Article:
Mad Fish Management

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Mad Fish Management is an established and successful talent agency representing performers up to the age of 21. They accept applications throughout the year from any location.

The Mad Fish Arts Studio And Stage School

The Mad Fish Arts Studio opened in Bexhill-on-Sea, East Sussex in 1998. The award-winning enterprise runs a wide range of performing arts courses for both adults and children. Guest industry teachers run special workshops to complement the high-level training offered by the Stage School’s professional staff. Concerts and Musicals allow students to put their training and skills into practice in a supportive environment.

Further details of the courses on offer can be found on the Mad Fish Stage School website. 

The Mad Fish Management Talent Agency

The Mad Fish Management talent agency opened for business in 2013. One of the original partners subsequently left to run a new agency independently, but Emma Burnett continues to enjoy success at the helm of Mad Fish Management. The agency boasts a roster of performers who have appeared in West End shows, national and worldwide tours, household name TV shows and films.

Mad Fish Management represents some of the talented students attending the Mad Fish Stage School. However, the agency will also consider applications from other young people who train elsewhere, even abroad.

Children and young adults from the age of three to 21 may seek representation from Mad Fish Management. The agency will consider all applications throughout the year. Moreover, applicants can live anywhere in the world as long as they are able to attend every casting that a Casting Director invites them in for. Usually, this is in London and notice of twenty-four hours is typical.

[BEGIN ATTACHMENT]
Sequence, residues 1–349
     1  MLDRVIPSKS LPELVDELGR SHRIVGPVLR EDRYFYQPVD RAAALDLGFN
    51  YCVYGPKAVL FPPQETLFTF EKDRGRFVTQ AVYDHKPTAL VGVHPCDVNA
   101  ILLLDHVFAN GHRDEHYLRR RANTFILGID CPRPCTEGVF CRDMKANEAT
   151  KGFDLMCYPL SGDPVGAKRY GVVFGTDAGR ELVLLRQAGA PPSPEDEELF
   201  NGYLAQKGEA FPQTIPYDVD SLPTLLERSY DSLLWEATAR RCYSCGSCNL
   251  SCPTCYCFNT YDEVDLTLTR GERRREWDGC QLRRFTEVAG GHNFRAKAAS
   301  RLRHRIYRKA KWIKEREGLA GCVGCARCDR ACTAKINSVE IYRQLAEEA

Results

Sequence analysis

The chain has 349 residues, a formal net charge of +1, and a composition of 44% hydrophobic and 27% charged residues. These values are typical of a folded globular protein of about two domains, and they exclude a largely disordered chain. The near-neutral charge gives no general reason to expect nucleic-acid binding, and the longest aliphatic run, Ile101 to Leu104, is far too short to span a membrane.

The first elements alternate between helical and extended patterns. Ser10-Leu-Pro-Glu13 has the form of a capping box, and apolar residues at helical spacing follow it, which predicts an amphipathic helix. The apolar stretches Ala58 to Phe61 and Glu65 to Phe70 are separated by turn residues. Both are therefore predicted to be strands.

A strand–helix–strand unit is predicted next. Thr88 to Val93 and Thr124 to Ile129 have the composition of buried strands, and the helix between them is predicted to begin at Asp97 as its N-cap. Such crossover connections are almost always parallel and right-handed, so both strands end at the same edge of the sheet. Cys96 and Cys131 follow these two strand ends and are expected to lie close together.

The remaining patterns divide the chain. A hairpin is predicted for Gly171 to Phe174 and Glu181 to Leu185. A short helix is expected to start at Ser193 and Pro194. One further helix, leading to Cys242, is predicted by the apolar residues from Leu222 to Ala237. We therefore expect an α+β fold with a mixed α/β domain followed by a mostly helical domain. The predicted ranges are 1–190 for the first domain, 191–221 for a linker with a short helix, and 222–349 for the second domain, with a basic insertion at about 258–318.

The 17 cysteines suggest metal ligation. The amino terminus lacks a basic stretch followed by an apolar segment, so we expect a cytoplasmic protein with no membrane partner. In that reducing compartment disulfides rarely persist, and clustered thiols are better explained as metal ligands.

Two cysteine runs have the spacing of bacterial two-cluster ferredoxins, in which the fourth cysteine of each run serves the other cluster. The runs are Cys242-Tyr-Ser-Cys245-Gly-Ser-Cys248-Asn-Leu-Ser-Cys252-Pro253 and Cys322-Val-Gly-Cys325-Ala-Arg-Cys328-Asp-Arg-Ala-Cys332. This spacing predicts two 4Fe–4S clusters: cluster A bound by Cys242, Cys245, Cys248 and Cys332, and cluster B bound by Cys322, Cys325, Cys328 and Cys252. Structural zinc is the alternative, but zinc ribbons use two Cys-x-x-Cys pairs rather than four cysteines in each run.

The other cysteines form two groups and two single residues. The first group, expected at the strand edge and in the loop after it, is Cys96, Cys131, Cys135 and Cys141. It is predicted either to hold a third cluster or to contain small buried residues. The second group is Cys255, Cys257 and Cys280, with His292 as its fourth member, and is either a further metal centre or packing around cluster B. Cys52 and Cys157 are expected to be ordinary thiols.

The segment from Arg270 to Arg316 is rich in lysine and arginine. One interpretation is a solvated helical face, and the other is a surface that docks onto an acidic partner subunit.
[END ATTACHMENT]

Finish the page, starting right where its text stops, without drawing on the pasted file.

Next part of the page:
We have included Mad Fish Management in our list of 20 Reputable UK Agencies For Child Actors.

Mad Fish Management On Social Media

If you want to keep up to date with the Mad Fish Management news, you can follow them on Twitter and Facebook. It’s a good place to see the type of work their young performers secure.

How To Apply For Representation

You can apply via the Contact Form on the agency’s website, or send an email directly to them. Submit all your personal details including age, height and basic CV of training and past work. Also, a link to showreel will be very useful. Experienced applicants will normally have a link to their Spotlight page which includes everything Mad Fish Management would initially need to know.

A good, clear photograph is essential for any agency application. It must be of the child or young person only and be a true likeness of the child in reality. No hats, glasses or makeup should obscure or distort the child’s appearance. Furthermore, keep the photo file size below 2MB. Larger photos tend to crash email boxes while smaller photo files show that an applicant understands basic industry rules.

Mad Fish Management asks you to submit one photo with your application. This is not an invitation to send a portfolio of twenty shots but a clear instruction you must follow.

Represented children and their families must be very reliable and co-operative. Furthermore, casting directors often have one eye on the parental behaviour when choosing a child for a paid job. So following instructions carefully is an important signal to a potential agent.

The Agency Reviews All Applications

The agency deliberately remains small. They accept only the applicants most likely to obtain work. Therefore, most applicants do not receive a response even though every one has been considered.